Elizabeth Baron knows what it's like to succeed as a woman in a man's world. She's worked in the male-dominated auto industry for almost 25 years, and knows women's voices can sometimes be drowned out.
"Sometimes just being a woman and having that different perspective, and a little softer touch or tone, you can get really ignored and talked over."
Elizabeth Baron works at Ford Motor Company designing virtual reality systems
Elizabeth, who creates virtual reality programs to improve car safety and design at The Ford Motor Company, says the key to being heard has less to do with talking louder and more to do with perseverance.
"If they talk over me, I'll say it again, and then I'll say it again. I'm very persistent and I keep going until I can get either a discussion of why not, or let's go that way."
That perseverance has paid off big time for the chirpy mother of four, whose children range in age from 7 to 19. Based in Saline, Michigan, Elizabeth now runs Ford's Immersive Virtual Environment (iVE) lab, a state-of-the-art facility she helped create that uses sophisticated virtual reality technology to enable designers and engineers to fully experience a vehicle before it is ever built.
When we caught up in Santa Monica, California, I got to step inside her virtual world and was amazed with how lifelike the experience was.
Kathryn Eisman drives into the virtual world
"The CAVE is a room where images are projected in stereo onto three walls and the ceiling to generate real-time, virtual vehicle interiors and exteriors at actual scale. When you look around, you can see virtually everything inside and outside of the vehicle. We set up key dimensions - steering wheel, gas, brake, center stack, etc. - and then we put the virtual world around that physical model. Instead of being in a room, you're actually sitting in a representation of the vehicle. You can touch and feel most everything, but what you're looking at is digital."
Elizabeth began her career at Ford in 1988 developing software, and shared one of her secrets to success was learning to trust her "core values".
When she first started out like many women with "perfectionist" tendencies, she would wait until her ideas were completely hashed out, until every kink had been ironed out, before presenting them to her team. With experience, she learnt that true innovation came by following a hunch, by combining information with educated guess-work, and then committing to figuring the rest out along the way.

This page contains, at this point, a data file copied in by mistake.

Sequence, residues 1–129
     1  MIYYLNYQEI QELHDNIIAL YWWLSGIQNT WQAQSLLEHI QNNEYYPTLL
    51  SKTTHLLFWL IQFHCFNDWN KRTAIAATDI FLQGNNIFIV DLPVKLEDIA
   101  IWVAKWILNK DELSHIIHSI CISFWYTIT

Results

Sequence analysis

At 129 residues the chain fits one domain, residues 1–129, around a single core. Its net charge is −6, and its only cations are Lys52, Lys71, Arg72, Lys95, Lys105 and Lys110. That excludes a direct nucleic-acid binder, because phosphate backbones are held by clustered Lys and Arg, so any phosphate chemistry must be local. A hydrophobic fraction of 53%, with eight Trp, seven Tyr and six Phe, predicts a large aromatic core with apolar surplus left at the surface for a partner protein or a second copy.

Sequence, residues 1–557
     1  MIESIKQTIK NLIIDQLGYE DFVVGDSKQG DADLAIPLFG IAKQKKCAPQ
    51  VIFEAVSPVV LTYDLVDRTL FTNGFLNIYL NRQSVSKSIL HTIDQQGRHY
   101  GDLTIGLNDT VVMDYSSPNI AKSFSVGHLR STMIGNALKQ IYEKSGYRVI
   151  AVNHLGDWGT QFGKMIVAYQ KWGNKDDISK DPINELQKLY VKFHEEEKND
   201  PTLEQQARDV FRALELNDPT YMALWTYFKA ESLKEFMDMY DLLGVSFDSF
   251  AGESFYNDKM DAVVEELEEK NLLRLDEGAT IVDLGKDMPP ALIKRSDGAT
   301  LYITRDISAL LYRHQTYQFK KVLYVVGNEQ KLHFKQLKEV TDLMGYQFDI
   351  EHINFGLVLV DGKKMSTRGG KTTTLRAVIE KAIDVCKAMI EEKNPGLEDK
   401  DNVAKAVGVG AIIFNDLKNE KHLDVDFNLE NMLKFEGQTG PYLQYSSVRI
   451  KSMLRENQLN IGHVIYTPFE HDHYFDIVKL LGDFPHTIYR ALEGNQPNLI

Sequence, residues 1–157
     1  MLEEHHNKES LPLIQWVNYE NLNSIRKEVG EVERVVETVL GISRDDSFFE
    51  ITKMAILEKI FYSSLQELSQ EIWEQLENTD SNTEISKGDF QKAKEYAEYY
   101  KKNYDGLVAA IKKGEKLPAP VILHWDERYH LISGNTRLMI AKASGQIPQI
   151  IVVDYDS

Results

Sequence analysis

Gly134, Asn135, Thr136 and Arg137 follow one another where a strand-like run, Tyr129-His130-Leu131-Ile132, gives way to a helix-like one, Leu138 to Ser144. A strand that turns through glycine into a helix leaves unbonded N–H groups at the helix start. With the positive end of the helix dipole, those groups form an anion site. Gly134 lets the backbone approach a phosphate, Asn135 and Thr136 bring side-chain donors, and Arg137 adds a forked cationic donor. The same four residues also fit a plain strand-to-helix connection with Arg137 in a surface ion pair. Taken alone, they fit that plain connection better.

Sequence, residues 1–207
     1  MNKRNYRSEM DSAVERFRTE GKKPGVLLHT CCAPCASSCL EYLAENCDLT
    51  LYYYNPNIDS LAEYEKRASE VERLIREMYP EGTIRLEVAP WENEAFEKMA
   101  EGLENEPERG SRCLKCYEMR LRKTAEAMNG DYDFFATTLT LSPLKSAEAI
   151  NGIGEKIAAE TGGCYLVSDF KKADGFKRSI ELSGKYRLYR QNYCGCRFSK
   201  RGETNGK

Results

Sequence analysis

"If you really believe it's the right way, you don't have to have 100% of the solution. You have to have a faith that it's true, and you also have to have data that supports what you're doing, but you don't have to say that this is totally bulletproof."
It was that "hunch" that led her to virtual reality, and the idea that the same technology that was revolutionizing the film industry, might be just as revolutionary in the car manufacturing process.
Like so many big ideas, Elizabeth's started small. First, convincing her bosses to give her idea a shot and then using the tiny amount of capital she was given to create a makeshift workshop.
Today, Ford's iVE lab is so advanced and well renowned that she recently received a call from NASA's visualization lab asking for a tour of Ford's facility. "The chance to collaborate with them and share ideas was so exciting," exclaimed Baron.
After the visit to Ford's iVE lab, Baron was invited to the Kennedy Space Center to see their virtual technology. "We found out what we shared in common and what we could learn from each other."
While at Cape Canaveral, Baron had an opportunity to see the space shuttle Discovery preparing for launch. "I even had a chance to take a peek inside the shuttle. It was just phenomenal!"
What's also phenomenal is the fact that Elizabeth not only uses her imagination to create cars before they can go into production, but she had to use that same power of visualization to imagine her dream job before that too could become a reality.
"When people ask how I got such a cool job, I tell them that I created it, and Ford supported me. Virtual reality didn't exist when I hired in at Ford more than 20 years ago. The virtual reality team kept pushing the envelope until we were able to figure it out."